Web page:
Nearly four years after Ketan Ashar was stranded for eight hours inside a London-bound plane at the city airport, the consumer court’s recent order, directing the private carrier to pay him Rs35,000 as compensation, has offered him some respite.
The Mumbai District Suburban Consumer Disputes Redressal Forum recently directed the Jet Airways (India) Ltd. to pay Rs30,000 towards compensation to the Worli resident whose flight was delayed for at least eight hours due to a technical snag. Besides, Ashar will also get additional Rs5,000 incurred towards litigation.
Jet Airways, however, did not respond to repeated calls seeking their comment on the consumer forum order.
Ashar boarded a flight, which was to take off at 2.30am on October 31, 2007, but the flight was aborted soon after, as the pilots noticed the plane was not attaining expected speed due to some technical glitch. Engineers were called in. They took nearly eight hours rectify the problem, following, which the flight finally took off next day at 10.30am — almost eight hours after its scheduled departure.
Ashar moved the consumer forum in April 2008 alleging that passengers were made to remain seated inside the plane for almost eight hours and that too without any food and water. In his plea, Ashar sought a compensation of Rs50,762 from the airlines, stating he had incurred a loss of Rs25,762, which he paid for hotel reservation and local transport in London.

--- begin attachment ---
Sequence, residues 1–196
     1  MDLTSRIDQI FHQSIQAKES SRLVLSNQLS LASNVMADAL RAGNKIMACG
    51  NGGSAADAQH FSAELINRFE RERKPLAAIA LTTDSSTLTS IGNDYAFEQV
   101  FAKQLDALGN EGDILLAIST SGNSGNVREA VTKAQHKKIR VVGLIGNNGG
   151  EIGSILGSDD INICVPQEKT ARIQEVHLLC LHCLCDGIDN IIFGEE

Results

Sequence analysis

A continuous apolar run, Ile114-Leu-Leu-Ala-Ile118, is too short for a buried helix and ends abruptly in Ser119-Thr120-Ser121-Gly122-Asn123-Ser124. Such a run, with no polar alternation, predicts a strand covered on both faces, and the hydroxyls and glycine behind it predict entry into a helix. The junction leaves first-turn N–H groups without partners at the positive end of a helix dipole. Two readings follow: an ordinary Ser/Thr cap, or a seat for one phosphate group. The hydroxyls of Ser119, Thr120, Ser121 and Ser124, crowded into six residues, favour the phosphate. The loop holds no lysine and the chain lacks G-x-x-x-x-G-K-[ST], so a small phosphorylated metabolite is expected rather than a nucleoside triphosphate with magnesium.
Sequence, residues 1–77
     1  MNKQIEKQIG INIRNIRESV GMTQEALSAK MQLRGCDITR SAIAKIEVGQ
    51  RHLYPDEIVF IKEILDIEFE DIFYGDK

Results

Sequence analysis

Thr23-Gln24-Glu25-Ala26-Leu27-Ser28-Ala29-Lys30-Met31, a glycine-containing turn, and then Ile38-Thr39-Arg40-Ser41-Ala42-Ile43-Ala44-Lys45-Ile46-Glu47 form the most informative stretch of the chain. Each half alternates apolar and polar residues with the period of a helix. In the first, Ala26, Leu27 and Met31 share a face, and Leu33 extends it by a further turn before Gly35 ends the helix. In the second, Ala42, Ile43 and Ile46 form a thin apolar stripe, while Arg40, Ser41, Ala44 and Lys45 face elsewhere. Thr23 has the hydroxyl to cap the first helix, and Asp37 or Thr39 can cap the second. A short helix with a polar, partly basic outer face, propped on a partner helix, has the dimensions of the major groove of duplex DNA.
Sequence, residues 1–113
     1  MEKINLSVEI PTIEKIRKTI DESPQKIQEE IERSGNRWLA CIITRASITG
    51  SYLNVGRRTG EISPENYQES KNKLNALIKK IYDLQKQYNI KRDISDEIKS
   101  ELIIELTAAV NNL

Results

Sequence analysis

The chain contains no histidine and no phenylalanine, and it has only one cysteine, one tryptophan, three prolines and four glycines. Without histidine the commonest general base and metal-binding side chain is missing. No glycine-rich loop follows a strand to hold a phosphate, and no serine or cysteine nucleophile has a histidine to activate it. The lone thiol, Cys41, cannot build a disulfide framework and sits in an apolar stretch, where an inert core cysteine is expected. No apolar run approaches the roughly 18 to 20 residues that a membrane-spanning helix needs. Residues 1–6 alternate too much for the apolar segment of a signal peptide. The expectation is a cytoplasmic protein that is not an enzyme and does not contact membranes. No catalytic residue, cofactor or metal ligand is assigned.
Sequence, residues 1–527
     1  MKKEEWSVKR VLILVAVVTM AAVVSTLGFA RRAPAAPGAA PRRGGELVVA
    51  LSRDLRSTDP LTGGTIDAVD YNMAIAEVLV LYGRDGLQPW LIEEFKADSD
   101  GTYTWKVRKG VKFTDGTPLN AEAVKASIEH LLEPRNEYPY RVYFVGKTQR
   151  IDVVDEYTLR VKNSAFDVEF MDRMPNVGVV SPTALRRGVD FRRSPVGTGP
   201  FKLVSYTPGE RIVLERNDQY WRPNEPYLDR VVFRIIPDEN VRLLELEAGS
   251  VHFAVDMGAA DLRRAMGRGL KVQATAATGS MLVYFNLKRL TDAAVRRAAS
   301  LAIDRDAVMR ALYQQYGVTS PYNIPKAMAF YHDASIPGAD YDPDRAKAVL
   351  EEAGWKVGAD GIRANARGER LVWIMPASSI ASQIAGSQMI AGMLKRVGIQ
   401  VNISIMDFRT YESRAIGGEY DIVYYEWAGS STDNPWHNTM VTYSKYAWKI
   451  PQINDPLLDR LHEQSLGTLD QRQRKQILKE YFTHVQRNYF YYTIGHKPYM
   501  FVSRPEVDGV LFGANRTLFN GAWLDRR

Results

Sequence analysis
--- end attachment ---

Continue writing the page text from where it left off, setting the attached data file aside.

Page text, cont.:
Jet Airways contended the flight was delayed due to a technical snag, which took longer than expected to repair. The airlines further pointed out that the Director General of Civil Aviation does not allow flights with technical snags to fly.
Responding to Ashar’s allegations, Jet Airways contended that passengers were allowed to remain aboard, and when this technical glitch was noticed, most of them were fast asleep , crew members chose not to disturb them.
The bench of forum president JL Deshpande and member Deepa Bidnurkar, however, found faults with the airline and said it they were negligent was its duty to verify that there were no technical problems in the plane before allowing the passengers to board the flight.
“The fact that the pilots noticed the technical snag immediately after take-off shows negligence on their part,” the bench said, adding, “The fact that all the passengers were seated in the stranded flight for eight hours and the airline failed to provide food and temporary accommodation to stranded passengers shows deficiency on its part.”